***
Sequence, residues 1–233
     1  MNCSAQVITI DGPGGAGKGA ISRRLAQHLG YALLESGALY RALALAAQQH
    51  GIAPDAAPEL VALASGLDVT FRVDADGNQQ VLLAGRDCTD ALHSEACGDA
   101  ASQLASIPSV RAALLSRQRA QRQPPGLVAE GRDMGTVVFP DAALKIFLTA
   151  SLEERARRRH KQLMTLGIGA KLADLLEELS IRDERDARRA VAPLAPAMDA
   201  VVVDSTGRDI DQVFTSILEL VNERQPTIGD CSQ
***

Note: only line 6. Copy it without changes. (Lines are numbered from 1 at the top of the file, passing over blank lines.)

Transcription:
   201  VVVDSTGRDI DQVFTSILEL VNERQPTIGD CSQ